Self Expression Magazine

The Secret Life of Bees

Posted on the 13 August 2013 by Bvulcanius @BVulcanius

Last Saturday I attended a presentation by a beekeeper on beekeeping and learned quite a few things about bees that I hadn’t previously known.

There are many different types of bees, but they can easily be divided into the solitary bees and the honeybees. The honeybees are the only kind of bees that live together in a hive and thus manage to survive the winter. Make no mistake: all bees make honey. However, the honey we consume is solely made by honeybees.

Within a hive (that can contain up to 50,000 bees!) you’ll mainly see workers (female bees). About 1% of the hive will consist of drones (the male bees) and there will one queen (also a female bee). For some reason, I always thought that the queen was really important for a hive and in a way she is, but the workers are equally if not more important than her.

When a queen hatches from an egg, she rises up to 1 km into the sky and secretes a pheromone that attracts drones from as far as 5 km away. The drones then proceed to leave their sperm with the queen. This process can take up to seven days! Then the queen goes back into the hive to lay her eggs. This is what she does for five days straight. The queen decides which of her eggs will get fertilized and will turn into female bees and which of her eggs won’t be fertilized and will become drones. Naturally, because more workers are needed, most of her eggs will be fertilized.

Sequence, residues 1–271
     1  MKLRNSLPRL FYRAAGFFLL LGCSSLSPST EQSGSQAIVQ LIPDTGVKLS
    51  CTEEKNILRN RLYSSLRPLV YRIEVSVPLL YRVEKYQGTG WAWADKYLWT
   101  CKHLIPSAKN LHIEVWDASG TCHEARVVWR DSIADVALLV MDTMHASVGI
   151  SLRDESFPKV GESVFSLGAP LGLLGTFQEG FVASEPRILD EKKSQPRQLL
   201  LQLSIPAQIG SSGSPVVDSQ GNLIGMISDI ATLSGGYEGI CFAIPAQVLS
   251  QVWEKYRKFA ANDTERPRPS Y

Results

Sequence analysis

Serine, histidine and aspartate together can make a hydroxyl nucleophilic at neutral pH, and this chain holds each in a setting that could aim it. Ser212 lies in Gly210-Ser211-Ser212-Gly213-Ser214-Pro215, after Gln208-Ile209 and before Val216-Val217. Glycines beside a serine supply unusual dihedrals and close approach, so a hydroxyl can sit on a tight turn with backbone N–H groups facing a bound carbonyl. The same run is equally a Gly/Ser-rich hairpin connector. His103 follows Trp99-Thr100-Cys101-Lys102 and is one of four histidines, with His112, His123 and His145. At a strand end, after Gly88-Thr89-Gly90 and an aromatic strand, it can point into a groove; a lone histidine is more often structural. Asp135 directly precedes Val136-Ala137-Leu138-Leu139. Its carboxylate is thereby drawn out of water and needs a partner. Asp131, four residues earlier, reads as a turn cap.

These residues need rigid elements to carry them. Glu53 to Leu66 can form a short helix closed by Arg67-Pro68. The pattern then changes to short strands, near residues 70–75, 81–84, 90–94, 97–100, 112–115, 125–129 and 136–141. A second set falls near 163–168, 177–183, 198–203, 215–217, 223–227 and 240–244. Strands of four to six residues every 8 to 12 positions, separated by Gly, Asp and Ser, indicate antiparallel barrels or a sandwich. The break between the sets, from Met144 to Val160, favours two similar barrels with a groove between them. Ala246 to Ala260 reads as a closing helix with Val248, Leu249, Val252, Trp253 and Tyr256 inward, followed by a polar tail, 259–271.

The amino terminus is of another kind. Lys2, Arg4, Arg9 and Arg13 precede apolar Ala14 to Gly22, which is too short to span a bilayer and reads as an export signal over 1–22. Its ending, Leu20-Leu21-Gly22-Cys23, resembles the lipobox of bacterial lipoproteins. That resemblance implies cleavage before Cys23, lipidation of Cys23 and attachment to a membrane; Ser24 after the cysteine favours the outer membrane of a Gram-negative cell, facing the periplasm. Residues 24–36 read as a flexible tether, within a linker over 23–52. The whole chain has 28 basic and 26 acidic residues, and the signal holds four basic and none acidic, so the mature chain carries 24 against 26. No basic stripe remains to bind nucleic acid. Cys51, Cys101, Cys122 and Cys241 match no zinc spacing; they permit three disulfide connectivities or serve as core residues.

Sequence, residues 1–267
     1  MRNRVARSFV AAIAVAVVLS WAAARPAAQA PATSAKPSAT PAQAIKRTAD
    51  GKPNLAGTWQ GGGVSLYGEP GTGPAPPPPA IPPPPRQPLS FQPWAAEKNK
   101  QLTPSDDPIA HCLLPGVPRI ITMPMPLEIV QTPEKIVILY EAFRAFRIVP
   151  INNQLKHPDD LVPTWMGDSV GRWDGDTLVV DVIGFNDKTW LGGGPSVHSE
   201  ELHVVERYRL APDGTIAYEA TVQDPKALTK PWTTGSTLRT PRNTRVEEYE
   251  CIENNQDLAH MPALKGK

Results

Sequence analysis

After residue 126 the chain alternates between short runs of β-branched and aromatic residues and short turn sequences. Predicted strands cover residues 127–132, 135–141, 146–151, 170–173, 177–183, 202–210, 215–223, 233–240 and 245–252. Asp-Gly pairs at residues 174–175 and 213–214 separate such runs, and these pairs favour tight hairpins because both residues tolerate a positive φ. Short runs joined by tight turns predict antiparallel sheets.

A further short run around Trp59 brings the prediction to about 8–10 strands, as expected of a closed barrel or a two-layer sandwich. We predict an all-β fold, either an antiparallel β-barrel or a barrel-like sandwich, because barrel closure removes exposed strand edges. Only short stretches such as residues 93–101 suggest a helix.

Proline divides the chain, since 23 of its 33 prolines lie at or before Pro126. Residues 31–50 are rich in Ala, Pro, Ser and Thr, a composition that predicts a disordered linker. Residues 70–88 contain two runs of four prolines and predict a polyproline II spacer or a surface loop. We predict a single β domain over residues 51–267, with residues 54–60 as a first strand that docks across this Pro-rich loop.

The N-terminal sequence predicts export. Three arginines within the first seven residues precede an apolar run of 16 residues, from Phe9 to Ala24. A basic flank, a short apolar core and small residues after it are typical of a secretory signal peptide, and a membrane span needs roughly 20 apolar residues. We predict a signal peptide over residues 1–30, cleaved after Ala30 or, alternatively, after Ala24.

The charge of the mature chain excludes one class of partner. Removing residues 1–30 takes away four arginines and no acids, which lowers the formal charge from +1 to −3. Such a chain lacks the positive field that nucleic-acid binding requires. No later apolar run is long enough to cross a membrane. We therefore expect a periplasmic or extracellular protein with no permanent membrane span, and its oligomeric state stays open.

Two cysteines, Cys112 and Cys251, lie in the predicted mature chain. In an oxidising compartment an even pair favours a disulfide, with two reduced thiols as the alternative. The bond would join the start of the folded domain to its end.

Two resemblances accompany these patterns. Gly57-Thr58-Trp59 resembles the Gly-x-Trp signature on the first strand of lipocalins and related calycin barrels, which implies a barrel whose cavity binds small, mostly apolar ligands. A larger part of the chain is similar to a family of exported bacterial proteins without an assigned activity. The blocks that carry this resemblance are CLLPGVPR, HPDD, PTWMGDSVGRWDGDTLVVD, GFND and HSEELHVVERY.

The astonishing thing to me was that apparently the workers can decide which of the fertilized eggs will eventually become a queen. When the old queen is no longer capable of doing her job or when she dies, the hive needs to make a new queen to ensure the hive’s survival. The workers then pick one of the fertilized eggs and proceed to give this egg more of a certain nourishment (called royal jelly) than the rest. This makes sure that the female bee hatching from this particular egg will be bigger and longer and so become a queen.

beekeeper and bees

Beekeeper showing us a frame from one of his hives.

It was really cool to learn all this new information on the bees and to actually be able to see the bees and queen in action, since the beekeeper brought us to his hives and showed us some of the frames. He had marked the queen with a bright pink dot which he had attached to her with wood glue. He told us that he extracts the honey, but also uses the beeswax to make new frames, make candles or sell to riding schools (they use beeswax to polish their saddles, for example). Every year he goes to the south of Germany to apple orchards, where they make cider, to collect their must. He uses the must to smoke the hive (this smoke makes the bees more docile). It all seemed like such a natural process to me; I was certainly impressed.


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